A creative consumer-facing road show took the Cracking Counterfeit messages to city centres across the UK. Western-style snake oil salesmen, led by Professor Chancetaker, entertained crowds with sales pitches for miracle elixirs, before delivering the patient safety message. This was supported by extensive regional media outreach, photo-calls and radio interviews in hosting cities.

With the messages firmly delivered, the next stage was to build the campaign that would shock audiences into behaviour change.

Pfizer and Red Health discussed options, and a plan was developed to use hard-hitting cinema advertising, which provided a number of opportunities. Not only did it deliver the message straight to cinemagoers, it also provided a vehicle for multi-level PR activities. An uncompromising execution by Langland was selected . . . and "Ratty" was born.

This new phase of the campaign, Get Real, Get a Prescription, upped the volume and impact of the core messages. Langland used some of the latest cinematic techniques to create a graphic advert featuring a man pulling a dead rat from his mouth (to reflect the fact that fake medicines have been found to contain rat poison).

The shock factor
Clearly, this advert was going to take pharmaceutical consumer communication into new areas and an extensive series of workshops was used to evaluate previous 'shock' campaigns, particularly those from the Department of Health. The team needed to be sure that ethical, as well as regulatory, principles were being upheld.

The plan was discussed with stakeholders, following which the MHRA, The Patients Association, Men's Health Forum and HEART UK not only agreed to support the campaign, they signed up as campaign partners.

A premiere showing was arranged at the Odeon cinema in London's Shaftesbury Avenue, to bring existing and new stakeholders together and create a sense of occasion for this groundbreaking launch. Over 70 attended from the government, law enforcement, regulatory and health sectors. Key consumer and trade media – including media affairs and advertising journalists - were invited, and stakeholders were provided with an opportunity to brief journalists on their perspectives.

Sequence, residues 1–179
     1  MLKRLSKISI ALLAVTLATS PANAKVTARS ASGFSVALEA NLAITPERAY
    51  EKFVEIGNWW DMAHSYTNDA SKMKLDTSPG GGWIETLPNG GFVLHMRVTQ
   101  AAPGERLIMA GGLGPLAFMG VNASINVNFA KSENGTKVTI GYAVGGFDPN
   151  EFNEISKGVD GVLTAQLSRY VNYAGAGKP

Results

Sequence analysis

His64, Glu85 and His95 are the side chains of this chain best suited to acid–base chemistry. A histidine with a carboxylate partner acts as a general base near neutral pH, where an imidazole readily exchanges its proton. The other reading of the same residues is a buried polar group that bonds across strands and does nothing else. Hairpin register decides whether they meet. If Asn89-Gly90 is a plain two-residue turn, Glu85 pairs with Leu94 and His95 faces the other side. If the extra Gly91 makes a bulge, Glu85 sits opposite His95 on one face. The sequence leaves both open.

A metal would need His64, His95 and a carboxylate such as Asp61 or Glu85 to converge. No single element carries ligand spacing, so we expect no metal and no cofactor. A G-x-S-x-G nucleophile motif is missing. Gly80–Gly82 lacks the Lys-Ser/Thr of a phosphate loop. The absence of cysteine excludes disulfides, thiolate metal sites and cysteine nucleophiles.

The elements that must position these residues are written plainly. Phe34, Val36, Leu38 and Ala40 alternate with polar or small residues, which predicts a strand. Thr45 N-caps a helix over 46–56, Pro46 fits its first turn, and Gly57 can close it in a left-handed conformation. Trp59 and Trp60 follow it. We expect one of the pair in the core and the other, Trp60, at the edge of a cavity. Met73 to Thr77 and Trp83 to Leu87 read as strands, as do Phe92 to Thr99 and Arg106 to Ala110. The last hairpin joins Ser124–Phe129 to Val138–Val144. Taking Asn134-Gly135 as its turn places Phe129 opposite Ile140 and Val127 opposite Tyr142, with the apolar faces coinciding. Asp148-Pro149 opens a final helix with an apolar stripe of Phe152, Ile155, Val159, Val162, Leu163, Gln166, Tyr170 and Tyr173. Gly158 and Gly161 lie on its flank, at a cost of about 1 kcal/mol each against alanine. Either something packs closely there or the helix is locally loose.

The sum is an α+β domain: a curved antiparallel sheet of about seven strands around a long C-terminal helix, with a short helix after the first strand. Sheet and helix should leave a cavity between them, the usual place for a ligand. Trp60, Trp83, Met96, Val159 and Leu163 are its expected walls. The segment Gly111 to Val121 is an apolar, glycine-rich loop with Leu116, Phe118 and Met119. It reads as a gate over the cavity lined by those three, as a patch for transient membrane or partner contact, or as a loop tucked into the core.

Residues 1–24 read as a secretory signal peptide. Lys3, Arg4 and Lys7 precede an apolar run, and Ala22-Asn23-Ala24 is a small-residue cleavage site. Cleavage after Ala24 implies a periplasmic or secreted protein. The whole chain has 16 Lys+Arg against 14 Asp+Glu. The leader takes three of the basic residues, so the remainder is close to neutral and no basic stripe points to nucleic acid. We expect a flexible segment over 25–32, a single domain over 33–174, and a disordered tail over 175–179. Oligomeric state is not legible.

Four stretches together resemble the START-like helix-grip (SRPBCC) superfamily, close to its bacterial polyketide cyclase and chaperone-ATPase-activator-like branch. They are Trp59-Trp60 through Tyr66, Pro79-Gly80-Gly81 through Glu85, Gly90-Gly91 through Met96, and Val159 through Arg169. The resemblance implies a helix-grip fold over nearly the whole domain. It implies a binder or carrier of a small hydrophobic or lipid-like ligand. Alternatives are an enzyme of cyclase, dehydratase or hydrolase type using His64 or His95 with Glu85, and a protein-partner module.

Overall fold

Dr Porter chaired the launch presentation and speakers from the MHRA and The Patients Association discussed campaign significance. The advert was supported by a 'making of the advert' film, which dealt with potentially difficult issues, such as the use of dead rats (which were provided by a licensed handler and would usually end up as snake food). 

An attention-grabbing media pack contained the news release, DVD and other resources to maximise media coverage, coupled with comprehensive sell-in to national, healthcare, marketing/advertising and regional media.

Behind the scenes, an exclusive ITN feature had been under development in the run-up to launch. Lawrence McGinty, ITN's science editor, used the stakeholder event to put his final interviews in place. This coverage was preceded the evening before when the story featured as the second item on the channel's 10 o'clock news programme. This was supported by a GMTV sofa interview in the morning with Jim Thomson, chair of the European Alliance for Access to Safe Medicines, which helped stimulate media interest and coverage.